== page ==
Kauai – on foot, kayak, and helicopter (slideshow)

 

To view the slideshow, click on the photo above and then on any thumbnail.  Alternatively, click here to view the slideshow on Google+.

If you are heading to Kauai …

Don’t miss: a helicopter tour of the island, Nualolo or Awa’awapuhi trails hike in Koke’e State Park, Kalalau trail day hike on the northern shore (or backpack for the more adventurous), Wailua River kayak (short & leisurely) to get to Secret Falls where you can swim in the waterfall.

Skip: Allerton/National Tropical Botanical garden tour (it’s long and slow, and there is no way to leave the tour early), Alakai Swamp trail in Koke’e.

Food tip: try skipping fancy restaurants and go local style: fresh poke + seaweed salad takeout from any of the larger grocery stores (Foodland, Safeway, Big time).  This will be both one of your tastiest and cheapest meals (under $10)!  Also try Fish Express in Lihu’e for grilled seafood to-go.

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Bird’s-Eye View of San Francisco (slideshow)

With its hilly terrain and extensive coastline, San Francisco Bay Area is a great place to sightsee by helicopter. If the weather is good – no fog and no turbulence – highly recommended!

Here are a few pictures from a recent flight.

Bird's-eye View of San Francisco
 

To view the slideshow, click on the photo above and then on any thumbnail.  Alternatively, click here to view the slideshow on Google+.

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Teaching and Coaching 101

Coaching 5th-graders on giving presentations got me thinking about the essential practices of a good teacher and coach.

From personal experience as both a student and a teacher in different settings – experiential, traditional school, online, peer group, private coaching  – here is my take on Teaching 101 in 3 minutes.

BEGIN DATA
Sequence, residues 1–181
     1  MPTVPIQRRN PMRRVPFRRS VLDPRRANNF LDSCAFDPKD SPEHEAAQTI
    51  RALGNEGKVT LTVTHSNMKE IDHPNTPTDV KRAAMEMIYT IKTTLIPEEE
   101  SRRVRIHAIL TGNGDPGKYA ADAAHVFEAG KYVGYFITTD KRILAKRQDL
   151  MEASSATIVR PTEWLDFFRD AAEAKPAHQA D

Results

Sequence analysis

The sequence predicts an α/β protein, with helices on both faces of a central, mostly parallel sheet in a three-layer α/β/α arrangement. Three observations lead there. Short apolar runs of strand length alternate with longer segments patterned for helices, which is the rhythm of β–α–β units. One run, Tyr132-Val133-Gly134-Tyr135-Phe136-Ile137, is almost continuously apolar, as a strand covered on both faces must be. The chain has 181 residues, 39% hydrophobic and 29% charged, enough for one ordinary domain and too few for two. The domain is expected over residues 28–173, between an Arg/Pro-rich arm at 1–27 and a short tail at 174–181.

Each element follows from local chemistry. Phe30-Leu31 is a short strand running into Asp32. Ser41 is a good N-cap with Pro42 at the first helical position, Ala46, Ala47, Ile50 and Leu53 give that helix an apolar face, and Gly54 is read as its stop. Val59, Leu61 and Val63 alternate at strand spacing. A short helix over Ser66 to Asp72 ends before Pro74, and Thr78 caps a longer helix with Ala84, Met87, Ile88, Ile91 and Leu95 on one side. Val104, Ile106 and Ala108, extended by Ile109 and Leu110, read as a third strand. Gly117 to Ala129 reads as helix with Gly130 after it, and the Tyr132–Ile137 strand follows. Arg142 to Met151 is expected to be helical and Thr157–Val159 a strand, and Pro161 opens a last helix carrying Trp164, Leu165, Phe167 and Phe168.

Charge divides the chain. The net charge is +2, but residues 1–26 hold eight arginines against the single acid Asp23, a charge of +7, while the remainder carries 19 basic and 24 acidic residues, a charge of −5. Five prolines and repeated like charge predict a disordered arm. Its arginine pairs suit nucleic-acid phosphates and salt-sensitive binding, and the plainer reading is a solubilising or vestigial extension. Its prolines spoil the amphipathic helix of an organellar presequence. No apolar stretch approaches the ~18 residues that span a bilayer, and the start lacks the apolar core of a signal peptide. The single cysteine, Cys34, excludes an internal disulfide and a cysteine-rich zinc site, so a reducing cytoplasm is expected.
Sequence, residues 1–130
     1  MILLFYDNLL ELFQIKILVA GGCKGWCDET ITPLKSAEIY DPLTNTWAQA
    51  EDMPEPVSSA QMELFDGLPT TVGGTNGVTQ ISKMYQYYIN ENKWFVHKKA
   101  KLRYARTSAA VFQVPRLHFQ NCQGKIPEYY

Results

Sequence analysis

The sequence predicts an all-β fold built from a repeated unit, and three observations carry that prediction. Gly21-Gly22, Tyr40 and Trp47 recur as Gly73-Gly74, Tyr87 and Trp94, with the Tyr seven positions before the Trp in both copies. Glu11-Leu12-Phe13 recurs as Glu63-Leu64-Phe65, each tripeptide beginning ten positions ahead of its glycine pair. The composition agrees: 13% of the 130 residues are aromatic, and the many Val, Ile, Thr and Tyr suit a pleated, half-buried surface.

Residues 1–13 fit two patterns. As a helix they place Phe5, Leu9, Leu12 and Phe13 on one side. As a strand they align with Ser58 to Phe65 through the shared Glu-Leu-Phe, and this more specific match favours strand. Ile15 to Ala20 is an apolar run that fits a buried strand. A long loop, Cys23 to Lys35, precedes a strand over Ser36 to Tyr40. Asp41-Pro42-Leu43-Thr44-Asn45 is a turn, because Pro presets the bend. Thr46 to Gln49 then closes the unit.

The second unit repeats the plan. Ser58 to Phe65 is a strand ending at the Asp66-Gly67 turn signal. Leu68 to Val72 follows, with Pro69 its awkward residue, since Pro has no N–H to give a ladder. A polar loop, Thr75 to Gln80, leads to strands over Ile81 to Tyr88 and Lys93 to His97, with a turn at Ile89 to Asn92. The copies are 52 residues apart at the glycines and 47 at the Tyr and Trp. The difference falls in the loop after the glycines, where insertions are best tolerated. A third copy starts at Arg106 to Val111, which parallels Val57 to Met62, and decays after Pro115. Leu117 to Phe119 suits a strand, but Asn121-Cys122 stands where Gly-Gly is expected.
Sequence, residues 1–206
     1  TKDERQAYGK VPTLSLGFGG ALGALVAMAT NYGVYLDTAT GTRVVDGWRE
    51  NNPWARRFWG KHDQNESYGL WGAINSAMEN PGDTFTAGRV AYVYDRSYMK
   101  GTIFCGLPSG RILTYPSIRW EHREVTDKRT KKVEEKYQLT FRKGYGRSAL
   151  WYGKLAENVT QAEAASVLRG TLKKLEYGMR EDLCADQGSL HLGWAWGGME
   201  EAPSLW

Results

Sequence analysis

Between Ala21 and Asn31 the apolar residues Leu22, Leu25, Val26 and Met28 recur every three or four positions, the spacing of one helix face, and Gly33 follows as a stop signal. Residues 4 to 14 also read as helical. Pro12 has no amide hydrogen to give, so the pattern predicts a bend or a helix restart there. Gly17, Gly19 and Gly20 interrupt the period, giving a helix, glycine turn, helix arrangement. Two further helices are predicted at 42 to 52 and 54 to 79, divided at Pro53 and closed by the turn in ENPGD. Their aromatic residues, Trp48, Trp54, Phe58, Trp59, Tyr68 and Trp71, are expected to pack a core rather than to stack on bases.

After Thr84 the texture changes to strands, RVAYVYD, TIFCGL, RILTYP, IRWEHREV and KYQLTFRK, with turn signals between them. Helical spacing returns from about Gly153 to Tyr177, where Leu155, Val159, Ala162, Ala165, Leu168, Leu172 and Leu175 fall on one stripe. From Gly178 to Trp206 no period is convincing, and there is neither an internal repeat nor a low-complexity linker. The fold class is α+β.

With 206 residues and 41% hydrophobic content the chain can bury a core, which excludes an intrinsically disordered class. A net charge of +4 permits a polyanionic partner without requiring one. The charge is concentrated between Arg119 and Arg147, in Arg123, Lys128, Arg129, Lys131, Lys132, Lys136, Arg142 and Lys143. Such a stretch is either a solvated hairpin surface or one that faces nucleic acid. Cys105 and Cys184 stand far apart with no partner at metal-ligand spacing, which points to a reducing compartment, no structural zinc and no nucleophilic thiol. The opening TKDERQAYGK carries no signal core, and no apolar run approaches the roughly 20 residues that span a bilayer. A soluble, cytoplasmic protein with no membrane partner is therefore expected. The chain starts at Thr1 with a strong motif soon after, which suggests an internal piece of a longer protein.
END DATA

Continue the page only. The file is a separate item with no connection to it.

1. Don’t overload – focus on a single skill or concept at a time (or as few as possible). Trying to cover too much at once may overwhelm students and result in lack of perceived progress, reducing their motivation to continue with the activity or class.

2. Keep it highly interactive. Learning is an active process. We learn by doing. Actively engage students with the material by getting them to answer questions, practice problems, play games, write, present, run experiments, role play, give feedback to each each,  and create – a  design, a tool, a website, an art or multi-media project – as appropriate to your subject.

Focus on learning, not teaching. Avoid long lectures. Have a short lecture, or better yet, have students experience something and then ask them questions about it.
“If you teach a man anything, he will never learn.” – George Bernard Shaw

Some suggestions:

  • variety in activities helps maintain learners’ attention
  •  icebreakers and warm-up at the beginning of the session get students into an active mode -speaking up, participating and getting to know their classmates
  • go for quick wins. Is there a simple project or assignment students can complete early on that will give them a sense of progress and accomplishment?

3. Balance encouragement and support with constructive criticism, based on the needs of the student.
One of my ballroom dancing coaches was a master at this. When I was happy and energetic, he would challenge me and provide a lot of constructive criticism. But on occasions when I showed up for class feeling down or frustrated, he would verbally encourage and physically support me by dancing alongside, until I got immersed in the activity, relaxed and became receptive to feedback. He provided whatever I needed the most to make progress at any point in time – sometimes a challenge, sometimes a confidence boost.

For older learners, it is also important to
4. Demonstrate the gap of knowledge and clearly communicate the goals and benefits of the activity or class.
This could be an interesting question students are not able to answer now, but will by the end of the class. Or it could be a demonstration of their current in/ability to do something versus where they’ll be after completing the course. Understanding what they will learn and how it is relevant is critical for motivating and engaging adults.

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